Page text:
Is there any non-vulnerabilities in the browser? Exploit that, or if there is not, you can steal a session cookie super easily. It's like a click of a button. Or you can pop up a Google login page and try to fish them into Enter their Google credentials. And there are a lot of things which are built into BIF. That's a very powerful tool. If you want to take the next step of a vulnerability exploitation and just prove
to your client that this can be actually a pretty serious issue, not just an alert pop-up on someone's screen.
Greg (19:17.484)
And yeah, though my main tool is burp and some occasional ruby scripts to do things, but burp is the go-to for me.
Valentino (19:29.802)
Yeah, I'm curious, is there any like limitations that you've hit using Ruby and you're like, oh, I'm just going to go to something even lower level.
Greg (19:39.152)
Uh, but if, if I'm not testing a Ruby, a Ruby application, Rails app, let's say when I was testing a PHP app and I found, uh, like file upload vulnerabilities, then I have to create my web shell in PHP. I can't really run Ruby on those servers. But other than that, whenever I need a bit of automation, Ruby is usually can handle that. But sometimes you need to be language specific.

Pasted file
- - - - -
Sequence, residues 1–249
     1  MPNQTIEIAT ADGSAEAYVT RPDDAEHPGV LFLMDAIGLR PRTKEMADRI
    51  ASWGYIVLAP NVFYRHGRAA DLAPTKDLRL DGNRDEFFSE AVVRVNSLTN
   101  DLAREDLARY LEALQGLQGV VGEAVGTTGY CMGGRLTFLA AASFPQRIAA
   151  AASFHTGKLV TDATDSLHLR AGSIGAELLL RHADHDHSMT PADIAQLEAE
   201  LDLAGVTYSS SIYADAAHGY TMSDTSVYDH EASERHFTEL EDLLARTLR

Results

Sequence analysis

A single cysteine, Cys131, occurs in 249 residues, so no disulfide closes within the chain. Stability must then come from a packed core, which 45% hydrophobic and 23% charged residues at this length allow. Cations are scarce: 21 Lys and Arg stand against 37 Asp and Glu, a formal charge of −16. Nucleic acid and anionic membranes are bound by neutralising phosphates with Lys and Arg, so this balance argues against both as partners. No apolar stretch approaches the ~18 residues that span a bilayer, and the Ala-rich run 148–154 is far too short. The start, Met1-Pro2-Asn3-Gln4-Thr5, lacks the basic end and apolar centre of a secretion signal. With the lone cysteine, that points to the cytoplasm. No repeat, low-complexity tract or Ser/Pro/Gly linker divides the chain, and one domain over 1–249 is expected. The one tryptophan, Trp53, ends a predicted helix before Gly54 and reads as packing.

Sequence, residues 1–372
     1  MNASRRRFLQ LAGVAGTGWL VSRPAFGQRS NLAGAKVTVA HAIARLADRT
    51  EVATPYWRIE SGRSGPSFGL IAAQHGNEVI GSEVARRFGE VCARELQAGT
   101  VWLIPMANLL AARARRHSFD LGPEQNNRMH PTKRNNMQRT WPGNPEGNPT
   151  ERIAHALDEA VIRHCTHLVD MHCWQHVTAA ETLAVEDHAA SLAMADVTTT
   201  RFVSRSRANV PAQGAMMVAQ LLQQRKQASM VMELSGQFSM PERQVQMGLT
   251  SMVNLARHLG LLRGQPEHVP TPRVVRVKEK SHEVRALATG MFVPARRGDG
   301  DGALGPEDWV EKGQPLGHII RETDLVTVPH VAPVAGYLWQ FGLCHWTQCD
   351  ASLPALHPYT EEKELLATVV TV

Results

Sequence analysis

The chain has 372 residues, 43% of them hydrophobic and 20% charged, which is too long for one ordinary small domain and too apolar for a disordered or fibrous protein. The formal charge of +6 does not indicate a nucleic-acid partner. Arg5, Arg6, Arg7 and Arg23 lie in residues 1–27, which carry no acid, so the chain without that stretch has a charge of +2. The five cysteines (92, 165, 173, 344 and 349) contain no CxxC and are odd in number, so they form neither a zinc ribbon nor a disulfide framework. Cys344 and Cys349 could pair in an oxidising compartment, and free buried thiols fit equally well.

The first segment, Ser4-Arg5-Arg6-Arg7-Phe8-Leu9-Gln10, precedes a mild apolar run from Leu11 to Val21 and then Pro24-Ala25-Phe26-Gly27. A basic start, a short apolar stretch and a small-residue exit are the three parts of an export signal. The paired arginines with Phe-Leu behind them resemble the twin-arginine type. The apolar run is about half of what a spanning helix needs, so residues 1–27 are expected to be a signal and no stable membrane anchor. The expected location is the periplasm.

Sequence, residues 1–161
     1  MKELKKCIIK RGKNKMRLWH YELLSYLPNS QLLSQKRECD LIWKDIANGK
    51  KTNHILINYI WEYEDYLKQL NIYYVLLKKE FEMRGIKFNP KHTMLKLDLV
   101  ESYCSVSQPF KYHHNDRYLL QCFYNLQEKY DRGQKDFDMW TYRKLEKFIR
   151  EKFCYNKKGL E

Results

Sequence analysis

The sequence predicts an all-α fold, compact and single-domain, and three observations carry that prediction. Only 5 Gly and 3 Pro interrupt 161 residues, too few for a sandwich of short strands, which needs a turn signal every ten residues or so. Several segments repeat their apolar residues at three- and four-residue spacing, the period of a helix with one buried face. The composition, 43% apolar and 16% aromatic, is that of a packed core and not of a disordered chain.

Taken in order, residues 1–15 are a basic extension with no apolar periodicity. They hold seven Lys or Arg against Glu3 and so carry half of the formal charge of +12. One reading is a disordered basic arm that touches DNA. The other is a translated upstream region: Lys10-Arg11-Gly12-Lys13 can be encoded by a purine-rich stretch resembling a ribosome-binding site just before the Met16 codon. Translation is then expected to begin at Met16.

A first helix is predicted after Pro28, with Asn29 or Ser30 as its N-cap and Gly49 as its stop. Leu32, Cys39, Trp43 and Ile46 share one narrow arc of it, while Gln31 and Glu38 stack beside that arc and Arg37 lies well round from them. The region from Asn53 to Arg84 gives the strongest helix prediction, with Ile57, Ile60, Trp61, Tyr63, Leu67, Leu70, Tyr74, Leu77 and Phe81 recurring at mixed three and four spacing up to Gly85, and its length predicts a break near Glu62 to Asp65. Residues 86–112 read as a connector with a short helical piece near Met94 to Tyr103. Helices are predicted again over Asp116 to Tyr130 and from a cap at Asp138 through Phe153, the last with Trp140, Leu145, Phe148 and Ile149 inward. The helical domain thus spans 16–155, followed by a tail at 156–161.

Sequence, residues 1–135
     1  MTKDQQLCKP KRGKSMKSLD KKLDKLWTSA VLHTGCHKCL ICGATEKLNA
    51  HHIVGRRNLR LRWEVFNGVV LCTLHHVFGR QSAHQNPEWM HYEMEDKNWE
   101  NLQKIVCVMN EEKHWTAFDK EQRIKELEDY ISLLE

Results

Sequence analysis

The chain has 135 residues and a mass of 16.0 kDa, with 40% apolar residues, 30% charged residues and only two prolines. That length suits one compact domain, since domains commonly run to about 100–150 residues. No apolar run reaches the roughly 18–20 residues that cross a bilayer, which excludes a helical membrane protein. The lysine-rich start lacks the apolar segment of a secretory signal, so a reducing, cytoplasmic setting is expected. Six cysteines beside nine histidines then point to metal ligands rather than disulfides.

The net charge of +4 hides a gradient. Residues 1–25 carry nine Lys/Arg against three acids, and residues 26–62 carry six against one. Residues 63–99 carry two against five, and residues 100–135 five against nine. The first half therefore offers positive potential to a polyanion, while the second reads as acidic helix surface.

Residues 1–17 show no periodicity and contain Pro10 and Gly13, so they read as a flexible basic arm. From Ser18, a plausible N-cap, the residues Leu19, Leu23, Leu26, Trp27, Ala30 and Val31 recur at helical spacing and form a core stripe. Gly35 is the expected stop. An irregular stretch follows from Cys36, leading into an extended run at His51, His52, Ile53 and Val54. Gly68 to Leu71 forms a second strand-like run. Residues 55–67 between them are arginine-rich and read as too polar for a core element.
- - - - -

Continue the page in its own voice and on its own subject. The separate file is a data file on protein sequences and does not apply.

with the tools you need to write. Like if you need to write a little payload which is... which can be executed on that specific target, and if they don't support Ruby, then you need to choose another language.
Valentino (20:24.074)
Yeah, that makes sense.
Valentino (20:28.822)
I guess just use whatever you used to. You know, it's a, I'm curious, like.
Valentino (20:40.774)
At what point in the process do things like start changing how you're working on them, right? Like there's the initial kind of upfront investigation and then you finally find something that you're... It seems promising, something's not quite working as it should be and you start to target that. With penetration testing, is there like a known wrap-up or is it...
always end with kind of like open questions. Cause I'm always curious, like how does the workload work? Right? Like, do you just end with like, okay, I found these potential exploits or there are these exploits and do you also provide like feedback for how it should be like addressed? I'm curious how that process works.
Greg (21:33.408)
But the way I do it is probably different for everybody, but the way I do it, I'm always thinking from the other side of the coin as well, so I want my client to get the most out of their buck. And what I do is I have my kind of playbook, I go through all the things which I know I have to check. If I find a vulnerability that goes into my notes and then I put it into a report at the end. If I find something which looks promising, but I can't easily...
find a way around, let's say I find an XSS which I can't really exploit, but it looks like there is an XSS, but it might be not possible to exploit it, then I just leave it. And then I go through everything I want to check, and then if I still have time at the end, I get back to it, or I tell the client, look, I've wrapped up the project because I quote it four days or five days, I found things here, if you want, I can spend an extra day and...